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Stuff You Should Consume - May 18, 2022
Welcome to this week’s edition of “Stuff You Should Consume,”— a weekly compilation of interesting political content for Message Box readers.
“The Default Debate: A Guide for Advocates” by Navigator Research
“Bad Politics, Bad Policies: Election Denial in 2023” by States United Action
Our research also shows that Election Deniers did not have a direct effect on voter turnout in these races, suggesting that the Election Denier penalty was largely driven by vote-switching. Voters who otherwise would have voted for the Republican candidate instead voted for the Democrat when the Republican was an Election Denier. (Note: In 2022, Election Denier statewide candidates were all running on the Republican ticket; not all Republicans running were Election Deniers.)
These findings square with polling that States United conducted just before the election in key states. A plurality of voters (43 percent) across Arizona, Michigan, Pennsylvania, and Wisconsin reported that they would be less likely to vote for a candidate who believed the 2020 election was stolen from Donald Trump
“Democrats may only have themselves to blame for Biden’s grim approval ratings” by Holly Otterbein, Politico (Read the whole Way to Win report HERE)
An analysis put together by the organization, which was first shared with POLITICO, looked at advertising in the 2022 midterms. It found that Republicans spent $135 million on broadcast ads in House and Senate races — nearly one-third of their total costs on commercials — attacking Biden.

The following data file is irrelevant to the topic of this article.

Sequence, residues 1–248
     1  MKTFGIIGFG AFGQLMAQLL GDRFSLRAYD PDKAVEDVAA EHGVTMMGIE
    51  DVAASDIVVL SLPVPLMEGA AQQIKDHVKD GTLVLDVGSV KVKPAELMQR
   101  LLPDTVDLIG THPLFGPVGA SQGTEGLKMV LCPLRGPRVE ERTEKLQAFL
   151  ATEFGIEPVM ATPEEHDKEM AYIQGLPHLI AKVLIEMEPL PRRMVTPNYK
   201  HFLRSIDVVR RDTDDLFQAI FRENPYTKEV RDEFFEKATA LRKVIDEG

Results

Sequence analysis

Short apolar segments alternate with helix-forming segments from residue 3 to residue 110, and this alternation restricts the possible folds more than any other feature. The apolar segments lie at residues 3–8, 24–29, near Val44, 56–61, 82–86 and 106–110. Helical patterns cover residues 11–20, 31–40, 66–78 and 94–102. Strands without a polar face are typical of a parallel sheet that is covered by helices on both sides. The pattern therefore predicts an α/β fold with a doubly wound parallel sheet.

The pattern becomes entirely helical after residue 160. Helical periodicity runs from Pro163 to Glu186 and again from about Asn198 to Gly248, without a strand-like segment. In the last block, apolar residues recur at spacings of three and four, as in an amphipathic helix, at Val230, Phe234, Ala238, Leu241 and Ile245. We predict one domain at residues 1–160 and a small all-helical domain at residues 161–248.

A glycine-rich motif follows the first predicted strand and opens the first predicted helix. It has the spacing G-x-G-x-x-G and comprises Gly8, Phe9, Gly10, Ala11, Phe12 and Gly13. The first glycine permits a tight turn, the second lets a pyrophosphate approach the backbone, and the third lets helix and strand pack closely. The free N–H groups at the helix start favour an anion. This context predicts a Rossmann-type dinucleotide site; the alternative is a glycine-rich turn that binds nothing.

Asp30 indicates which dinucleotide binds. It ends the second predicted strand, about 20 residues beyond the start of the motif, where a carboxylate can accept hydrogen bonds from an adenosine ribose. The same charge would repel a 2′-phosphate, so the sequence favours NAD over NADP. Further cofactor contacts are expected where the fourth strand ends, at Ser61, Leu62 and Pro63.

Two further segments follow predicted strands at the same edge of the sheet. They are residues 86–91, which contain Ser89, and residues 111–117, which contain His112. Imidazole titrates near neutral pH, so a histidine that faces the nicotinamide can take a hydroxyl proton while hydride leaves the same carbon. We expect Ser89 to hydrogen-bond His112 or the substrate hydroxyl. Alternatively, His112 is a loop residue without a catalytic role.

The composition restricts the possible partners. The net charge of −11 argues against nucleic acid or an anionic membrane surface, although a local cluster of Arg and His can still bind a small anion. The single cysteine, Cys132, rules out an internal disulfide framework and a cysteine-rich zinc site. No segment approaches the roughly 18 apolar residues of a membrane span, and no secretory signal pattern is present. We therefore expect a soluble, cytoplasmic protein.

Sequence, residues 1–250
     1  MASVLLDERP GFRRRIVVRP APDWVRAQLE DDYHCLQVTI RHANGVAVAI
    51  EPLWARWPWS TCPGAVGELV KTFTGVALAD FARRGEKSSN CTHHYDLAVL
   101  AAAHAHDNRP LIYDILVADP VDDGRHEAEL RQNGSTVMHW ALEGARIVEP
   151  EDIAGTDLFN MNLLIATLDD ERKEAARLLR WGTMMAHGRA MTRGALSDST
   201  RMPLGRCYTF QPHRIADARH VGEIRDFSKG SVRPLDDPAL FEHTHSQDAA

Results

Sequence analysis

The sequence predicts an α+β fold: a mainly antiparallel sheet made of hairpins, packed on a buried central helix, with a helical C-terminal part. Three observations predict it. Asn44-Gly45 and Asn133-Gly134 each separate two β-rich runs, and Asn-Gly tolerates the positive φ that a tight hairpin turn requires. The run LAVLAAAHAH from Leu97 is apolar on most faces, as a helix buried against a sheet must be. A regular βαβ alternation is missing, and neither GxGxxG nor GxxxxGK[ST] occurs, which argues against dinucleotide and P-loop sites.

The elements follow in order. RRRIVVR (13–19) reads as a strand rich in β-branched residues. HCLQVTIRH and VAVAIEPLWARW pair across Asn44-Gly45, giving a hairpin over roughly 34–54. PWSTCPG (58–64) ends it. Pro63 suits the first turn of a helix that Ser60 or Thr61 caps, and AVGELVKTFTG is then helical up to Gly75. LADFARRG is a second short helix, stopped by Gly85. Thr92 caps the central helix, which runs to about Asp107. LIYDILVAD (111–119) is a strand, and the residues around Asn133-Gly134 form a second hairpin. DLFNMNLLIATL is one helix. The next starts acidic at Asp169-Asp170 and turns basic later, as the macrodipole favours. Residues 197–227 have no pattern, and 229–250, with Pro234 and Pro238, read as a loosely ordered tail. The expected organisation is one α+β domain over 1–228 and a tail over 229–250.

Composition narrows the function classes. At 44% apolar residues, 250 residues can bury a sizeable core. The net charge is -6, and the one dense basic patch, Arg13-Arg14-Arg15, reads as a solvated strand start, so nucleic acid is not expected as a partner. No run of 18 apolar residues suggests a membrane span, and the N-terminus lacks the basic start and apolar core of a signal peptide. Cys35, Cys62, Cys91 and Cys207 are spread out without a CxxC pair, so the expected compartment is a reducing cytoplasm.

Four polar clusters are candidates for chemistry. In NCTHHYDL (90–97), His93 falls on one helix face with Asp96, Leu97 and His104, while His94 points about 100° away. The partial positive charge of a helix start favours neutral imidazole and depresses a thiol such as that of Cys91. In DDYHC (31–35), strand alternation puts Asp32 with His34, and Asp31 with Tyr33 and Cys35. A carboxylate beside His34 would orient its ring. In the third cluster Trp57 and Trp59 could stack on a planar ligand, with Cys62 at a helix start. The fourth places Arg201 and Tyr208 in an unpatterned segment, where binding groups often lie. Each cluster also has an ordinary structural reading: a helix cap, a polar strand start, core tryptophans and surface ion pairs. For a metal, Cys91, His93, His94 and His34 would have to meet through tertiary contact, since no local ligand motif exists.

At the same time, few Democrats aired ads promoting Biden’s legislative accomplishments, according to the Way to Win report. Democrats also only forked over about $20 million for ads that mentioned former President Donald Trump, less than 4 percent of their total spending on spots. And some of those commercials actually talked about Trump in a positive or neutral light.
“Watching partisan media doesn’t necessarily mean you’re a strong partisan” by Jessica Grose, New York Times
A new study available in preprint from Joshua Kalla, an assistant professor of political science at Yale, and David Broockman, an associate professor of political science at the University of California, Berkeley, complicates those assumptions. It shows that cable news viewers aren’t as old, as partisan or as set in their beliefs as the stereotypes may depict.
Kalla and Broockman found that “approximately 15 percent of Americans watch an average of eight hours or more of MSNBC, CNN or Fox News per month,” which, for starters, is a fair amount of cable news. They also found that “roughly half of these networks’ audiences are either not primary voters or not registered with the party aligned with that news source” and that “young adults make up a meaningful portion” of partisan media outlets’ audience, indicating that, despite cord cutting, cable news viewing “will likely remain substantial in the years to come.”